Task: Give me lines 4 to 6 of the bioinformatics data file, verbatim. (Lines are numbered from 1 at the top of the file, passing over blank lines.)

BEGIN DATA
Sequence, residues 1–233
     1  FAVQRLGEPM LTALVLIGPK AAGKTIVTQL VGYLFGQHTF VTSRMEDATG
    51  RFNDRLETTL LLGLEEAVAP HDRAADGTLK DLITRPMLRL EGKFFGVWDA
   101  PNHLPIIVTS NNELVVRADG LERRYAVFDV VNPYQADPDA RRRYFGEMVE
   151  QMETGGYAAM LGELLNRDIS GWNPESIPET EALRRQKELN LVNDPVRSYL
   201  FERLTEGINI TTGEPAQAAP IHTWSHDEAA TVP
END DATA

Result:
   101  PNHLPIIVTS NNELVVRADG LERRYAVFDV VNPYQADPDA RRRYFGEMVE
   151  QMETGGYAAM LGELLNRDIS GWNPESIPET EALRRQKELN LVNDPVRSYL
   201  FERLTEGINI TTGEPAQAAP IHTWSHDEAA TVP